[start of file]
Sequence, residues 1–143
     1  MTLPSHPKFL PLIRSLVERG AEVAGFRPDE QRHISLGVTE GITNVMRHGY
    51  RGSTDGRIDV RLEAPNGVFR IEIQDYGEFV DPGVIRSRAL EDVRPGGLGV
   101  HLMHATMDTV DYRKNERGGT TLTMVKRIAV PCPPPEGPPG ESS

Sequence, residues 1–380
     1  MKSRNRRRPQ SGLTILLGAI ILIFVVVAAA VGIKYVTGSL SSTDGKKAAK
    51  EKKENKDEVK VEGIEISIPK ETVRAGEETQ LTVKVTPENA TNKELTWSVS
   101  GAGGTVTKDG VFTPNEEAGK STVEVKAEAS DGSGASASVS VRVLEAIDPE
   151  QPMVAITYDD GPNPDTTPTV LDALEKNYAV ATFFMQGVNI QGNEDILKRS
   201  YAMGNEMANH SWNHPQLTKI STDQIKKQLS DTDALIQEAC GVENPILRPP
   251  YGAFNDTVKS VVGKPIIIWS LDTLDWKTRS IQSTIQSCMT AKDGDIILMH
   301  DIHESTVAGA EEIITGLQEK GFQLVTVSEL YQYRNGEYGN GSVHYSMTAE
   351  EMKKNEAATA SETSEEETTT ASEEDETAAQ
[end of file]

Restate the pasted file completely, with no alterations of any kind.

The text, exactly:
Sequence, residues 1–143
     1  MTLPSHPKFL PLIRSLVERG AEVAGFRPDE QRHISLGVTE GITNVMRHGY
    51  RGSTDGRIDV RLEAPNGVFR IEIQDYGEFV DPGVIRSRAL EDVRPGGLGV
   101  HLMHATMDTV DYRKNERGGT TLTMVKRIAV PCPPPEGPPG ESS

Sequence, residues 1–380
     1  MKSRNRRRPQ SGLTILLGAI ILIFVVVAAA VGIKYVTGSL SSTDGKKAAK
    51  EKKENKDEVK VEGIEISIPK ETVRAGEETQ LTVKVTPENA TNKELTWSVS
   101  GAGGTVTKDG VFTPNEEAGK STVEVKAEAS DGSGASASVS VRVLEAIDPE
   151  QPMVAITYDD GPNPDTTPTV LDALEKNYAV ATFFMQGVNI QGNEDILKRS
   201  YAMGNEMANH SWNHPQLTKI STDQIKKQLS DTDALIQEAC GVENPILRPP
   251  YGAFNDTVKS VVGKPIIIWS LDTLDWKTRS IQSTIQSCMT AKDGDIILMH
   301  DIHESTVAGA EEIITGLQEK GFQLVTVSEL YQYRNGEYGN GSVHYSMTAE
   351  EMKKNEAATA SETSEEETTT ASEEDETAAQ